October 11, 2020
Comedian John Oliver’s wish has come true. The comic and political commentator—whose HBO talkfest, Last Week Tonight, just won an Emmy—is now the proud sponsor of an eponymously named sewer plant in Danbury, Connecticut. And it only took a TV rant and the offer of $55,000 to be donated to local charities, for Oliver to get his way.
“Congratulations, Mr. Oliver,” Mark Boughton—the ten-term mayor of the city of 80,000 located about 50 miles north of New York City—said after the council approved the resolution 18 to 1, with one abstention. “You now have a poop plant named after you.”
With the new name will come $55,000 to Connecticut charities from Oliver and a community fundraiser that could raise at least $100,000 for 10 area food banks. Donors who give at least $500 can receive a tour of the plant, the local Danbury News Times reports.
The renaming was largely popular among residents, with the council receiving about 100 letters in support. Many said the back-and-forth between the city and Oliver brought them joy during the coronavirus pandemic.
But some council members had been reluctant to get on board. “While I appreciate the humor during a time when we could all use a laugh, I personally don’t find anything funny about insulting our community or least of all threatening violence to our children,” said council member John Esposito, who voted against the name.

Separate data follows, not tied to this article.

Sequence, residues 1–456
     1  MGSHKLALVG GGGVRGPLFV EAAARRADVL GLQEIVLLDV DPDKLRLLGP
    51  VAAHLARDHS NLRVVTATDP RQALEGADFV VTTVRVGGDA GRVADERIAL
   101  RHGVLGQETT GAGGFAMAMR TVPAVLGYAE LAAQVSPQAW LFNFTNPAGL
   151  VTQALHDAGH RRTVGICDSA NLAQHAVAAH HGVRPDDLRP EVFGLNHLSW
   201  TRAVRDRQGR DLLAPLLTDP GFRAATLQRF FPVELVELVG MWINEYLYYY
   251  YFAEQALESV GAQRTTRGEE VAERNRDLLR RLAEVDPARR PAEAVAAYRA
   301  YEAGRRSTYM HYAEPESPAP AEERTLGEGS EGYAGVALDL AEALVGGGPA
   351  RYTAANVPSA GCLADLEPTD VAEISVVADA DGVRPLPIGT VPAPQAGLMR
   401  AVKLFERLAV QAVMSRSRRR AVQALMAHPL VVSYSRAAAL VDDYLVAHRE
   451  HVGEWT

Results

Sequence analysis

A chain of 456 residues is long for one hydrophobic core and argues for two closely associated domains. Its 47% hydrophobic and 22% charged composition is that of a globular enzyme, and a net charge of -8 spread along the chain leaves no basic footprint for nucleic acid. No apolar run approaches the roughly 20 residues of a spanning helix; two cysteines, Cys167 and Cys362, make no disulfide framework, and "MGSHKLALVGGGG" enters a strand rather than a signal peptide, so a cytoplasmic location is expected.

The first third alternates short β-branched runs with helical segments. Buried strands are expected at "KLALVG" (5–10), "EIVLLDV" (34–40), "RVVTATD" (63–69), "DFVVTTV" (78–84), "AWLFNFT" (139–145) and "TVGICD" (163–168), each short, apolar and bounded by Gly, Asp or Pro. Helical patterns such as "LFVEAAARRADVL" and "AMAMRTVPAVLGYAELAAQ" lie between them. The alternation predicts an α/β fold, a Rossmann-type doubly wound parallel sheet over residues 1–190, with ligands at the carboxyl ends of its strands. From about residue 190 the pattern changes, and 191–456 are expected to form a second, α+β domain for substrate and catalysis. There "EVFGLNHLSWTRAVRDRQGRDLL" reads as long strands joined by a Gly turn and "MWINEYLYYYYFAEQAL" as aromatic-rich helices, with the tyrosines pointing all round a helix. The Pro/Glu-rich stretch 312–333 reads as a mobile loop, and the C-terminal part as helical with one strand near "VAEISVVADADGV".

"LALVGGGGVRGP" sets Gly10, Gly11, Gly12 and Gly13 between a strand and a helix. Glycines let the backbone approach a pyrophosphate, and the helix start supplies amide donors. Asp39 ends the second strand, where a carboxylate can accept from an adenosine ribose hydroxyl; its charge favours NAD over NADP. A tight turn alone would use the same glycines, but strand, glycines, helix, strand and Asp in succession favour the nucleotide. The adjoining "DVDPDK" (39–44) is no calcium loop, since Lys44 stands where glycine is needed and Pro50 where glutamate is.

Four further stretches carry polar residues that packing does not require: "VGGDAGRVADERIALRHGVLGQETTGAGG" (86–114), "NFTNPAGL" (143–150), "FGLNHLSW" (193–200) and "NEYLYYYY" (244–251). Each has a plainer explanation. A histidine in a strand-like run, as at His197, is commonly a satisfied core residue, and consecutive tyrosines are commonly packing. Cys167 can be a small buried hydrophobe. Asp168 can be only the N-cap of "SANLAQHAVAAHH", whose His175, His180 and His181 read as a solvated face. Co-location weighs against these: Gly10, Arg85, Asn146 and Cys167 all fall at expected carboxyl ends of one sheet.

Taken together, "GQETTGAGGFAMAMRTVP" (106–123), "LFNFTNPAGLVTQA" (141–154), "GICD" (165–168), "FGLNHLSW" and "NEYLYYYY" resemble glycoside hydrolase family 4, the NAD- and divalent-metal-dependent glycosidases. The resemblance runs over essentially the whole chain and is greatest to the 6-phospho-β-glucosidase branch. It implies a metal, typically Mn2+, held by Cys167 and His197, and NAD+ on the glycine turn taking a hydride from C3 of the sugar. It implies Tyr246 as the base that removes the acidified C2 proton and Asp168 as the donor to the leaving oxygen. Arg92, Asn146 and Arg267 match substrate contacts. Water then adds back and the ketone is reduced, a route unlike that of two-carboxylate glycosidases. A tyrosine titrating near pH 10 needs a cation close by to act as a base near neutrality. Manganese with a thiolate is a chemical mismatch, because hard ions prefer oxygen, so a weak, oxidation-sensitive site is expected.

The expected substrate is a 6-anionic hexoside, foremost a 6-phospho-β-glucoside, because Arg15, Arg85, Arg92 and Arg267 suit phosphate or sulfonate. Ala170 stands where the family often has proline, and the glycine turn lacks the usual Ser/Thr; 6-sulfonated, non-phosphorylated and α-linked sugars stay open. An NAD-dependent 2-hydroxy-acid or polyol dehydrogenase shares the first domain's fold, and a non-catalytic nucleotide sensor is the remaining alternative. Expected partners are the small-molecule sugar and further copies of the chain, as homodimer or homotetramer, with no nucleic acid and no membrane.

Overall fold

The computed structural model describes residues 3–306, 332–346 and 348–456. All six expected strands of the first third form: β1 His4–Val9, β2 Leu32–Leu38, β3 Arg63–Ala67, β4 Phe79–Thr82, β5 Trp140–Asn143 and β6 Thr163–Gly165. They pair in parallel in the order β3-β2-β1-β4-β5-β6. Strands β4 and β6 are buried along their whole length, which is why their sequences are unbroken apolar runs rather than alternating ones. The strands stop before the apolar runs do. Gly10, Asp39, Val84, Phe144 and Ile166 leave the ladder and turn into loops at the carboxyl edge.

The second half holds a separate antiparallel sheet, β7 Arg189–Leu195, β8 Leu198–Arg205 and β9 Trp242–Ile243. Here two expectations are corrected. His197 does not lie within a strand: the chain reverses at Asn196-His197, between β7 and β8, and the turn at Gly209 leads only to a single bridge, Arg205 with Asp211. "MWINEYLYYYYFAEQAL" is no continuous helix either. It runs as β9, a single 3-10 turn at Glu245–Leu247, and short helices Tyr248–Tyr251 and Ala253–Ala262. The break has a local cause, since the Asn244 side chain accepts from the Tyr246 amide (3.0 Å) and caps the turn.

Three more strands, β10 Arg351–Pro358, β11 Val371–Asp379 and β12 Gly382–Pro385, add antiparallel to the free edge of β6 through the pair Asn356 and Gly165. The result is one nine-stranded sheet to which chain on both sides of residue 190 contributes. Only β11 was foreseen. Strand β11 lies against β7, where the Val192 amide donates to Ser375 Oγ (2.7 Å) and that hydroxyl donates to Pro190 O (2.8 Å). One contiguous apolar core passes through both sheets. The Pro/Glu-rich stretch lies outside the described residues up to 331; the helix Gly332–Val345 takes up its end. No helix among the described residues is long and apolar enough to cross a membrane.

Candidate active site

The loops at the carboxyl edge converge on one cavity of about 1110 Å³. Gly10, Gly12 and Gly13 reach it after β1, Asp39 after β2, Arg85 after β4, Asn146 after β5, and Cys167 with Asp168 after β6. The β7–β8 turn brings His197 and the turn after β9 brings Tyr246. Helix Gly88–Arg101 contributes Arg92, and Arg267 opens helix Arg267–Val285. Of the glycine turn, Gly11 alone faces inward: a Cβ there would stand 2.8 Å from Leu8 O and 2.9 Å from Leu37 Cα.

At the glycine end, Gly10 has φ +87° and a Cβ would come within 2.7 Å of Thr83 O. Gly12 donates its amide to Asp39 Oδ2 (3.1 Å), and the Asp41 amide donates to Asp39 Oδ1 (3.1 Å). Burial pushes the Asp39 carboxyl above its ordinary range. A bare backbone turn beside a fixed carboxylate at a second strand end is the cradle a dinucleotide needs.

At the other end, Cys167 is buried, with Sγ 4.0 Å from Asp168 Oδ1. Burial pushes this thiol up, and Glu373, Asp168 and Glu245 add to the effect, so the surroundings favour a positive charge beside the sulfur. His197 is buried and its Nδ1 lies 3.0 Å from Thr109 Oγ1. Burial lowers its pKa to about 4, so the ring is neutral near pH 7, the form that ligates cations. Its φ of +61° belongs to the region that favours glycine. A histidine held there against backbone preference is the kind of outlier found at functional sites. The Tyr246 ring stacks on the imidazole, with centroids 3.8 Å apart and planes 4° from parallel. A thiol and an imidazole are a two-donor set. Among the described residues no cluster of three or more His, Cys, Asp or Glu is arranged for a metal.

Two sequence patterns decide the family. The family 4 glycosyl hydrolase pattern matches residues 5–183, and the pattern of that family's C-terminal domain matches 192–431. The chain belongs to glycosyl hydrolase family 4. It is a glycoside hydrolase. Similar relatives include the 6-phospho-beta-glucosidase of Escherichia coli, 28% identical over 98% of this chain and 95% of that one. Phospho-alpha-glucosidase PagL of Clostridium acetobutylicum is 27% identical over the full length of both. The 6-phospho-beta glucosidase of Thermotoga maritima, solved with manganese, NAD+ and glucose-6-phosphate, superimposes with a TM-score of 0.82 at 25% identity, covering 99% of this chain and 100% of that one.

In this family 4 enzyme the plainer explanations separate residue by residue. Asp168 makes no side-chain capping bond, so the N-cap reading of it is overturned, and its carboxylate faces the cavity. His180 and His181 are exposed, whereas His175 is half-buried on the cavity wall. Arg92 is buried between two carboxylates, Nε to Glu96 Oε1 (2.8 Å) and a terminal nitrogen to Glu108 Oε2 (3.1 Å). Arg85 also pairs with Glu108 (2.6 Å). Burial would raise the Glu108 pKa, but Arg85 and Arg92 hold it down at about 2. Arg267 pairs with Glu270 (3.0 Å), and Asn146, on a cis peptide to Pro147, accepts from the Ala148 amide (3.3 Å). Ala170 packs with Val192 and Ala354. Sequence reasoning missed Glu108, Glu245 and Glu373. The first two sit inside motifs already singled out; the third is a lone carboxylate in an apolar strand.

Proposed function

“Sorry to be a party pooper here,” he added. “That’s just really how I feel.”
But other council members said the name was humorous. “This was a much-needed laugh,” council member Roberto Alves said. “If John Oliver wants a poop factory named after him, in his own words, ‘cool.’”
The new name should be considered “ceremonial” and would not affect any borrowing process for the ongoing upgrades to the plant, said Laslo Pinter, deputy corporation counsel.
This whole episode began after Oliver ranted about Danbury on his show and the mayor made a joke about naming the sewer plant after the comedian. Oliver then begged the city to follow through and offered $55,000 in donations to local charities.
Although Oliver’s donations were contingent on the renaming, he has already donated to Danbury teachers’ projects on Donors Chose, a crowdfunding site. Boughton said Oliver gave about $30,000 to the teachers, which is $5,000 more than he pledged.
The Connecticut Food Bank, which is supposed to receive $25,000, did not return a request for comment. ALS Connecticut also has not received its promised $5,000 yet.
“We are anxiously awaiting any news of his contribution to the chapter but have not at this point heard anything,” said Sandy Tripodi, executive director.
Research contact: @NewsTimes